China aims to become a global leader in climate action by setting up the biggest Carbon Trading Scheme (CTS) worldwide as an attempt to meet 2030 peak emissions target.
The second largest emitter in the world, entered the final stage of the scheme’s preparation last July- a project it has been working since 2013 with the help of seven provincial pilot schemes.
The market will be unprecedented in its scale and complexity, and is expected to officially launch by November 2017 the earliest.
The pilot schemes operate in Beijin, Chongqing, Guangdong, Hubei, Shanghai, Shenzhen and Tianjin, which together account for approximately 25% of the national GDP.
In their fourth operational year, these markets show different performance results, according to a research published in ScienceDirect, but have accumulated practical experience in carbon trading markets.
Hubei holds 55,12% of the total carbon market share and is ranked the best in both maturity and performance.
Guangdong holds 16,5% of the share, and comes second in maturity but third in performance.
Last in both maturity and performance comes Chongqing , which holds 1,08% of the market share.
As of June 30, the aggregated carbon turnover was 446m tons- totalling 100,71 billion Yuan in value.
Covering three industries
Building on these pilot schemes, China has envisioned setting up a national one, so far only covering three industries- power, cement and aluminium.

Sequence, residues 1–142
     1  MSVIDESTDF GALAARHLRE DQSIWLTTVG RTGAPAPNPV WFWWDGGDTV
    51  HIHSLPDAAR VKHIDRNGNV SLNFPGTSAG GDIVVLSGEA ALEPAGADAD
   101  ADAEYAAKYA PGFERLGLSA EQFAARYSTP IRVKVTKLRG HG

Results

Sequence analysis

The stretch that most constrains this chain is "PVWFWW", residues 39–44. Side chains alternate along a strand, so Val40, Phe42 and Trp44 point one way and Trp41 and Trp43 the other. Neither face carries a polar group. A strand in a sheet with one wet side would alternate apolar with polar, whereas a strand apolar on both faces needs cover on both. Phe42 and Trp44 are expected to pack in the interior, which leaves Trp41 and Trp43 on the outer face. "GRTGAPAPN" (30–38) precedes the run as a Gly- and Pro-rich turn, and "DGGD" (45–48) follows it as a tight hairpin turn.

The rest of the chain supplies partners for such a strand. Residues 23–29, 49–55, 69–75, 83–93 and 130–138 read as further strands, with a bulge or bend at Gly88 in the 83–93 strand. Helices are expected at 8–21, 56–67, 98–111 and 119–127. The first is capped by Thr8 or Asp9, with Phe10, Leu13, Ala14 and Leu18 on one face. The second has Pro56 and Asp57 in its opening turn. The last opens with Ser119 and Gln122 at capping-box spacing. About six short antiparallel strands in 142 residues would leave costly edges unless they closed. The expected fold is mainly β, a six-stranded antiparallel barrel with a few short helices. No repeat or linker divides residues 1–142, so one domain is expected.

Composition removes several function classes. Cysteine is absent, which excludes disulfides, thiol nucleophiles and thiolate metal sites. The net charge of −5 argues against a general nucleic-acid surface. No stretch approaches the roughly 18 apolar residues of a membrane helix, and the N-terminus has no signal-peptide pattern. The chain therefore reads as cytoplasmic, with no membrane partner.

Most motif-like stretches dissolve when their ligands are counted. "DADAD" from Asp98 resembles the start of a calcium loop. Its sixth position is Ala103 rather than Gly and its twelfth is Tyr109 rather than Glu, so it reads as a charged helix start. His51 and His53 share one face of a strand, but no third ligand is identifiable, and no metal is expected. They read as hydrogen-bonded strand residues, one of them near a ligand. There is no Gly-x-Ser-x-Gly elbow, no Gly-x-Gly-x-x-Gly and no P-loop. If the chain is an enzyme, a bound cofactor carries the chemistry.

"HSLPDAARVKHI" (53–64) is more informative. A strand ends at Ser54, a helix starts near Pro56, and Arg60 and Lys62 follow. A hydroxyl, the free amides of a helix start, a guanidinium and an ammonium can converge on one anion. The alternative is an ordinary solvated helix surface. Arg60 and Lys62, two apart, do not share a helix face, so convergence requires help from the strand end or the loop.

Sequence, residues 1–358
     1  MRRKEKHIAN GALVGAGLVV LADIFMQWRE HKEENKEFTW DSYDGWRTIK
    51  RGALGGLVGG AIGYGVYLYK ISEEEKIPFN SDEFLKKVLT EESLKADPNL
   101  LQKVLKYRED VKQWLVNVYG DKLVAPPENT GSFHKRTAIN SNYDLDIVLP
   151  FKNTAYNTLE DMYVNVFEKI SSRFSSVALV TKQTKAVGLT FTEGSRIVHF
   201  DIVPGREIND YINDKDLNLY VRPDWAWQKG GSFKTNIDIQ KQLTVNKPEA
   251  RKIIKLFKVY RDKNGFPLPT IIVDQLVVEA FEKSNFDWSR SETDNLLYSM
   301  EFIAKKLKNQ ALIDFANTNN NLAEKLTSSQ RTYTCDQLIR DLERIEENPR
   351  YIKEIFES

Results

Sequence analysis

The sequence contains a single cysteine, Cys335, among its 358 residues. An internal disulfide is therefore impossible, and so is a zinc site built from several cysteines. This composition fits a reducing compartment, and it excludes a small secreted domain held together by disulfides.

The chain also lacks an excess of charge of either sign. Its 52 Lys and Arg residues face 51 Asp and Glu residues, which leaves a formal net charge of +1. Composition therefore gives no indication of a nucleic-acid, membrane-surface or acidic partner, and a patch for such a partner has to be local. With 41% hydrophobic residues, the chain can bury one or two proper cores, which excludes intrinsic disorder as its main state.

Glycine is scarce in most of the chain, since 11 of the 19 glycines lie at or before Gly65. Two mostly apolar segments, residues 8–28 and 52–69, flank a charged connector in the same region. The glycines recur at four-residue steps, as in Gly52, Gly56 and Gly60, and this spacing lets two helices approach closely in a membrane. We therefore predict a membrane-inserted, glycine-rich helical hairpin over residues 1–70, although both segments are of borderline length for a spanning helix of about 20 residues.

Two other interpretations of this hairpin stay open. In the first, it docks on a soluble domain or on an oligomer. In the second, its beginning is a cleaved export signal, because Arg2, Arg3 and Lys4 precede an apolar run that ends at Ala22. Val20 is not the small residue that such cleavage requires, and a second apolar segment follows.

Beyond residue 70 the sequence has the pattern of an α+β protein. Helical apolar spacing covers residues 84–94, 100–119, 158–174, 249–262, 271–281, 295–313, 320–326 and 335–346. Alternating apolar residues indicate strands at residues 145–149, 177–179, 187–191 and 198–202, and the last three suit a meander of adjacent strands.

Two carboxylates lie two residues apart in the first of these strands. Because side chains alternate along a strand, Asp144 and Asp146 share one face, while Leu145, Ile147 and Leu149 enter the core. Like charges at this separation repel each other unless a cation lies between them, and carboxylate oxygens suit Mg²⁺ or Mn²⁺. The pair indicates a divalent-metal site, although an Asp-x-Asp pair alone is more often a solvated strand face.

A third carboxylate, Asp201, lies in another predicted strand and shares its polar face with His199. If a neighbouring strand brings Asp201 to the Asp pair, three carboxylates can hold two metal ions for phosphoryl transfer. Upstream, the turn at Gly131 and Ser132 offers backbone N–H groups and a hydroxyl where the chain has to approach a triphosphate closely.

Richard Sandor, Chairman and CEO of Environmental Financial Products LLC, named as ‘father of carbon trading’ by Time Magazine, encouraged Hong Kong to contribute towards helping China’s low-carbon development.
“If you marry environmental objectives with its well-developed financial system, I am very optimistic that Hong Kong will, can and should be a laboratory for all of China”, Sandor said.
The big challenge that China faces is how to incorporate these seven pilot schemes into a nationwide regime, considering the carbon price disparity between the pilot schemes, their varying features and different performance results.
In addition, significant challenges lie in terms of proper measurement, reporting and verification of all the emissions data.
Analysts are confident that regulations will be enforced to secure transparency and efficiency since the Chinese leadership has shown strong political will in the country’s transition to a low-carbon economy.